It is certainly desirable to derive the classical analog of the extended phase space quantum mechanics of the particle with odd degrees of freedom directly from what may be taken as the first principle. Therefore, following [1012], let us consider a nonrelativistic particle of unit mass with two () odd (Grassmann) degrees of freedom. The classical extended Lagrangian equation (1) can be written provided by . Here ,  , and are arbitrary piecewise continuously differentiable functions given over the -dimensional Euclidean space . The are two odd (Grassmann) degrees of freedom. The nontrivial Poisson-Dirac brackets of the system (10) are The extended Hamiltonian (3) reads which, according to (8), reduces to The Hamiltonian equation (13) yields the following equations of motion: A prime will indicate differentiation with respect either to or . Thus, is the integral of motion additional to . Along the trajectories and in -spaces, the solution to equations of motion for odd variables is Hence the odd quantities are nonlocal in time integrals of motion. In trivial case , we have and . Suppose that the system has even complex conjugate quantities , whose evolution looks up to the term proportional to like the evolution of odd variables in (14). Then local odd integrals of motion could be constructed in the form Let us introduce the oscillator-like bosonic variables in - and -representations as follows: In the expressions (18), and are the piecewise continuously differentiable functions called SUSY potentials. In particular case if , for the evolution of we obtain Consequently, This shows that either or when and or and , respectively. Therefore, when the functions and , are related as where are constants, then odd quantities are integrals of motion in addition to and . According to (3) and (13), let us present in the form , where Then, and together with the and form the classical analog of the extended phase space SUSY algebra as follows: with constants playing a role of a central charges in -spaces; is classical analog of the grading operator. Putting , we arrive at the classical analog of the extended phase space SUSY quantum mechanics given by the extended Lagrangian We conclude that the classical system (10) is characterized by the presence of two additional local in time odd integrals of motion equation (17) being supersymmetry generators. Along the actual trajectories in -space, (24) reproduces the results obtained in [6].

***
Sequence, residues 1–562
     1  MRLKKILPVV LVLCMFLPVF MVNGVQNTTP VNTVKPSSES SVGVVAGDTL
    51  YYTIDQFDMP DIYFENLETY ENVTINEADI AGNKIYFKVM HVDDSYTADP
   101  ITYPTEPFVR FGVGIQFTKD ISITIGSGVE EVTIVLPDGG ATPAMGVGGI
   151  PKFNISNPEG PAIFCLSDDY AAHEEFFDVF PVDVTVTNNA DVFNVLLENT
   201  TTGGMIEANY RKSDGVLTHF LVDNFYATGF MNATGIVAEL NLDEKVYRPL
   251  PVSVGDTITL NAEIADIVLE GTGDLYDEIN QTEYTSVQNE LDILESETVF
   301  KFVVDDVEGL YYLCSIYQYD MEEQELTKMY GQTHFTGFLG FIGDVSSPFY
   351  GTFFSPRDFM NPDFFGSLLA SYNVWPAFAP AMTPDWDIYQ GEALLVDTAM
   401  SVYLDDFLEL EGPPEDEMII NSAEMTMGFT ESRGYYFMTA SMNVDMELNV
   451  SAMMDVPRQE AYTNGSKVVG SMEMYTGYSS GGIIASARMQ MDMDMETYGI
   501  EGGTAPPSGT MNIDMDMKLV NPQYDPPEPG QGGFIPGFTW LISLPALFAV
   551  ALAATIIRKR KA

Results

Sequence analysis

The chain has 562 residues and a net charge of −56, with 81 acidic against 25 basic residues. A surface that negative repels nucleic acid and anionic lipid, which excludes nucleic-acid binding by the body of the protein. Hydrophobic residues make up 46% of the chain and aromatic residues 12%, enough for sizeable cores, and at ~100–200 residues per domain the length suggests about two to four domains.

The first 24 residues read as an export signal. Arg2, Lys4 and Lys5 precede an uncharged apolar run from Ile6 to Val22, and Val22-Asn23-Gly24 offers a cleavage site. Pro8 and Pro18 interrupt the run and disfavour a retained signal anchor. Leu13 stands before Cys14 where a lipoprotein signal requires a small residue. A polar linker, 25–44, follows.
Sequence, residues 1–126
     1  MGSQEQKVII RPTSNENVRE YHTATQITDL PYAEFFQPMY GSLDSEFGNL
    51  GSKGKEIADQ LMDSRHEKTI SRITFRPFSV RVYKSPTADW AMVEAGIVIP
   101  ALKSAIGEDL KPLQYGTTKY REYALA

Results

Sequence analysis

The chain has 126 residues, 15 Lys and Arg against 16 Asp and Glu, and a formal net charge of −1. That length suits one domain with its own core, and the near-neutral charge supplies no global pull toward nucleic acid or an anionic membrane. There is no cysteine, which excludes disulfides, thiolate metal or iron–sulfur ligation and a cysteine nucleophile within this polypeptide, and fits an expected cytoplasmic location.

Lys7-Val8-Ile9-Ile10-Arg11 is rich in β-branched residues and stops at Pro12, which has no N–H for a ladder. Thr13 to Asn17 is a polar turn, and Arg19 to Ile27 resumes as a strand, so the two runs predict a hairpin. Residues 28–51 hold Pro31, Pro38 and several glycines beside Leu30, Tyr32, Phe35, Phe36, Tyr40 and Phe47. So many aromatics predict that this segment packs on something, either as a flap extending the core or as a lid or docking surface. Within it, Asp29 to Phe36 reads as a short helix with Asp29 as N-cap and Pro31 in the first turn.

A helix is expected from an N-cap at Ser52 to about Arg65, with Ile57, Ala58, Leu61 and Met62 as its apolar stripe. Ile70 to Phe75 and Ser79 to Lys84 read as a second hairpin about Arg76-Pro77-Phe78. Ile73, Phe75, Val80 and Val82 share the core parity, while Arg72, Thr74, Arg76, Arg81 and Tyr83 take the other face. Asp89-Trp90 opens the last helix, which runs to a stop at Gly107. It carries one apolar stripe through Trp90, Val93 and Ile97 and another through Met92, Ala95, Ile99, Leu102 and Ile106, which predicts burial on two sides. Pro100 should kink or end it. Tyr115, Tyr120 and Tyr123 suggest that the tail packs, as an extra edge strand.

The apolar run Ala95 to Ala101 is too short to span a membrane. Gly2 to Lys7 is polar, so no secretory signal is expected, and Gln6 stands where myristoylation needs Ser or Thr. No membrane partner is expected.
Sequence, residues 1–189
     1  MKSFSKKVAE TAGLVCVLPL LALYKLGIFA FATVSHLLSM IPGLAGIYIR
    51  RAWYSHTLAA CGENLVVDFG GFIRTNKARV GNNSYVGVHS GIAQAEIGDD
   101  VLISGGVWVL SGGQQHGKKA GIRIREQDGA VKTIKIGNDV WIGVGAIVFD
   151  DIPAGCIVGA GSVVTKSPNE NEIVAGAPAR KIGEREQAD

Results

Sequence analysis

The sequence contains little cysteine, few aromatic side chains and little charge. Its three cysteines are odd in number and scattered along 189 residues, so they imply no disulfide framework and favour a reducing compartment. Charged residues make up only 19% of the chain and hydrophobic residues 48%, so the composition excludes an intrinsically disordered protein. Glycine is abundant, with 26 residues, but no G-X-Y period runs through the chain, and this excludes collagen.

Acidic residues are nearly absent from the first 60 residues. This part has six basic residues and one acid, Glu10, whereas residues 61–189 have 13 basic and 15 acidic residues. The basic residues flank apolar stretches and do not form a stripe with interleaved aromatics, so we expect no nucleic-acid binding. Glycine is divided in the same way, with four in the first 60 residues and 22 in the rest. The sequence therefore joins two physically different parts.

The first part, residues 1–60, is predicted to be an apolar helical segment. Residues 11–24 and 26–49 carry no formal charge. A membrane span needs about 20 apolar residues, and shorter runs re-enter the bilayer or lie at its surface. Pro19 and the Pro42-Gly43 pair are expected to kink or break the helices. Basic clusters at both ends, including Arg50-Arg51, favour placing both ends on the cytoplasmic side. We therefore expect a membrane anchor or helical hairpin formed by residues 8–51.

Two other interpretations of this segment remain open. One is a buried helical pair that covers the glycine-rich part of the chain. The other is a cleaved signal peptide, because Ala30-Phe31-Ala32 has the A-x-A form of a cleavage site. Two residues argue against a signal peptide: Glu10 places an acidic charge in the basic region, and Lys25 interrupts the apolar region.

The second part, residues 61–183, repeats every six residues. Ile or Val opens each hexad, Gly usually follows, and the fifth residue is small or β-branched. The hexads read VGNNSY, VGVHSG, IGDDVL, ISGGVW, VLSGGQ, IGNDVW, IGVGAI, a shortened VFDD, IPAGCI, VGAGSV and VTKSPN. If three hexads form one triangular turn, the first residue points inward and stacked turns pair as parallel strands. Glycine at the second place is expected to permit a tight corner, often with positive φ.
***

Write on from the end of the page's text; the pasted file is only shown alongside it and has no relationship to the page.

#### 3. The Path Integral Formulation